Using OpenCL in darktable requires that your PC is equipped with a suitable graphics card and that it has the required libraries in place. Namely modern graphics cards from NVIDIA and ATI come with full OpenCL support. The OpenCL compiler is normally shipped as part of the proprietary graphics driver; it is reachable as a dynamic library called “libOpenCL.so”. This library must be in a folder where it is found by your system’s dynamic linker.
When darktable starts, it will first try to find and load libOpenCL.so and – on success – check if the available graphics card comes with OpenCL support. A sufficient amount of graphics memory (1GB+) needs to be available to take advantage of the GPU. If that is OK, darktable tries to setup its OpenCL environment: a processing context needs to be initialized, a calculation pipeline to be started, OpenCL source code files (extension is .cl) need to be read and compiled and the included routines (called OpenCL kernels) need to be prepared for DT’s modules. If all that is done, the preparation is finished.
As we still regard darktable’s OpenCL support as experimental, we require the user in addition to positively activate OpenCL. Go into the preferences dialog and look for core options. Here you find a checkbox that says: “activate opencl support (experimental)”. Check that box and from that on OpenCL is used by darktable.
You can at any time switch it off and on again. Depending on the type of modules you are using, you will notice the effect as a general speed-up during interactive work and during export. Not all modules can take advantage of OpenCL at the moment and not all modules are demanding enough to make a noticeable difference. In order to feel a real difference, take modules like “shadows & highlights”, “sharpen”, “lowpass”, “highpass” or as an extreme case “equalizer”.
Let’s have a look at an example. I took an image of 20 MPx and processed it with a typical history stack for my way of working. This covers modules equalizer, tone curve, highpass and sharpen.
My computer is equipped with an i7-2600 CPU and an NVIDIA GeForce GTS 450 graphics card with 1GB memory. Core memory is 16GB.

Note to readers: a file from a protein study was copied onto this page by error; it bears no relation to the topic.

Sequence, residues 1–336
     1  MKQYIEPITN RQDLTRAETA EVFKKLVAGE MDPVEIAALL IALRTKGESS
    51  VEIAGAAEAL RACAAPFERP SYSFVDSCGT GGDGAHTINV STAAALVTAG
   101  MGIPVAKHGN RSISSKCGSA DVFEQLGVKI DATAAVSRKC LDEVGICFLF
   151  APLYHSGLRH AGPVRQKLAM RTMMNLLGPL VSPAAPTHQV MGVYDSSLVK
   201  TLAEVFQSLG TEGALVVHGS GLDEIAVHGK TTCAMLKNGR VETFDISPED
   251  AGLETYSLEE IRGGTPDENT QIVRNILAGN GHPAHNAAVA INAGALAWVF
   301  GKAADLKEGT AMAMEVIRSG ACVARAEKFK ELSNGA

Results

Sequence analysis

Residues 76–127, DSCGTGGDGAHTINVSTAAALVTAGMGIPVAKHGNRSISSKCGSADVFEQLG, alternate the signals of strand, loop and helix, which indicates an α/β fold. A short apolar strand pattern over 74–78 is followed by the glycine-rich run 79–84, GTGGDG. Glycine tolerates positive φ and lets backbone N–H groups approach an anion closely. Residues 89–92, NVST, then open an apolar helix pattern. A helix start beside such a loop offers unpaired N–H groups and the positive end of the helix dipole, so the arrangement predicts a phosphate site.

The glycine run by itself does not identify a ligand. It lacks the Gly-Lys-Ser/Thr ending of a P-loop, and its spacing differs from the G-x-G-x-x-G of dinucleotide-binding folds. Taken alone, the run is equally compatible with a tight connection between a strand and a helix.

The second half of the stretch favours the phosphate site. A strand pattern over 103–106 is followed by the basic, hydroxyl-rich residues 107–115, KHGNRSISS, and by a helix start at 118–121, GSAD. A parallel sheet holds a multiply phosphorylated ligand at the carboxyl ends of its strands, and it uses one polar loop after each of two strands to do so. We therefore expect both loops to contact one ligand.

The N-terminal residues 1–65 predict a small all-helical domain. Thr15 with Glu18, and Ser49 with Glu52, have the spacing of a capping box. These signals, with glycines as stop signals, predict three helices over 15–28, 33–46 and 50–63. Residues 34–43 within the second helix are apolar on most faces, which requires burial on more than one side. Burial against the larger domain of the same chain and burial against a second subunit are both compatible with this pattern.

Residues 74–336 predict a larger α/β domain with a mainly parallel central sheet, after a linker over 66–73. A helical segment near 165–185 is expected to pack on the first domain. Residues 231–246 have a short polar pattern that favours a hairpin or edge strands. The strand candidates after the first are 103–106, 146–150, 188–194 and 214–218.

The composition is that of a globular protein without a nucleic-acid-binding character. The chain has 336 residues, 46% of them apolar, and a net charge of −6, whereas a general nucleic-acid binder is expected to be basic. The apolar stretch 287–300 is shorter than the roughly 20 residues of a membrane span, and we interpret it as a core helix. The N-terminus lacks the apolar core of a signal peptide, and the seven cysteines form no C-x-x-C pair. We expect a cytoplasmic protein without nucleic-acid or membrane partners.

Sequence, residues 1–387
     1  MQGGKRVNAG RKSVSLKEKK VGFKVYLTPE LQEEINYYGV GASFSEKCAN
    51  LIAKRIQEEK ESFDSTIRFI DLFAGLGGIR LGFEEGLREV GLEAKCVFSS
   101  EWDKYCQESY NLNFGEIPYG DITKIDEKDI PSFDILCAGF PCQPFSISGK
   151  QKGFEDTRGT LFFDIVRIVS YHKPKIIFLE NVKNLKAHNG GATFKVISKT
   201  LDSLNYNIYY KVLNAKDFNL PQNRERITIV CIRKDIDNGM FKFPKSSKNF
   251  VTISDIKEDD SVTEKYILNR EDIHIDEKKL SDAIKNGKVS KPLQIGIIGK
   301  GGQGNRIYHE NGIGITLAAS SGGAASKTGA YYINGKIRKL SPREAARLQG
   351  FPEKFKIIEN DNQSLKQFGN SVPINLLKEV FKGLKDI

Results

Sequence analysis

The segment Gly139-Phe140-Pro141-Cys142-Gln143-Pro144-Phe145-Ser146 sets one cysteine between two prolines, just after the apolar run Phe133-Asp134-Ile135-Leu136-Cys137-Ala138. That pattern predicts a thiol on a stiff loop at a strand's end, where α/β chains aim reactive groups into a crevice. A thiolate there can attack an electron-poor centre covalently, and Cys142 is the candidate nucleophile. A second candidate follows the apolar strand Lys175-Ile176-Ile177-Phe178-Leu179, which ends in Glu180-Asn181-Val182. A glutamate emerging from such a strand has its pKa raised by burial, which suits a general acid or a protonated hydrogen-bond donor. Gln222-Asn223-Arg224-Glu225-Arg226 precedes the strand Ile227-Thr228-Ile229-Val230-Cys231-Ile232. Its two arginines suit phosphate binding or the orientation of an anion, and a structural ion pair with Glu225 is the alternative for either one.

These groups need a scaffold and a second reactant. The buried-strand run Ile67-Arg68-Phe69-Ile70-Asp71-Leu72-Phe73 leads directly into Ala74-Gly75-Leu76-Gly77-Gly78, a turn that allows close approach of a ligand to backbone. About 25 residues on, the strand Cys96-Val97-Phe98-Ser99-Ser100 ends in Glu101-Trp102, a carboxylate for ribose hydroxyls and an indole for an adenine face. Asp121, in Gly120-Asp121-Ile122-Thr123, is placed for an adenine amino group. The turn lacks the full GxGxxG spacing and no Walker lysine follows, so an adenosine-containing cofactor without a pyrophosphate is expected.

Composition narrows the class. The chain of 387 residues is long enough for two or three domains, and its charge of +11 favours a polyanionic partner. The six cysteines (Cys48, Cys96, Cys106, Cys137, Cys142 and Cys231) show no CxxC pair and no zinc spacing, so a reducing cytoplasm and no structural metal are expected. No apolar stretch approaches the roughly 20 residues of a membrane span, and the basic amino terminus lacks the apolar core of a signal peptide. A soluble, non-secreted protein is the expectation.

For a single run of my pixelpipe in interactive mode (so called “full” pipeline), I get the following figures:
OpenCL not activated
This would be the typical delay, if you change a parameter or if you pan or zoom into the image.
With the same image and the same settings, I profiled the export pixelpipe when generating a JPEG file with full resolution. Here are the results:
OpenCL not activated
If you are interested in more profiling figures, you can call darktable with command line parameters -d opencl -d perf. After each run of the pixelpipe you will get a detailed allocation of processing time to each module plus an even more fine grained profile for all used OpenCL kernels.
Besides the speed-up you should not see any difference in the results between CPU and GPU processing. Except of rounding errors, the results are designed to be identical. If, for some reasons, darktable fails to properly finish a GPU calculation, it will normally notice and automatically (and transparently) fall back to CPU processing.
Possible Problems and Solutions
If severe OpenCL errors occur at run-time, or the setup of our OpenCL environment fails during initialization, OpenCL will be automatically deactivated. You will notice if you open the preferences dialog and the activation checkbox has been reset to “off”.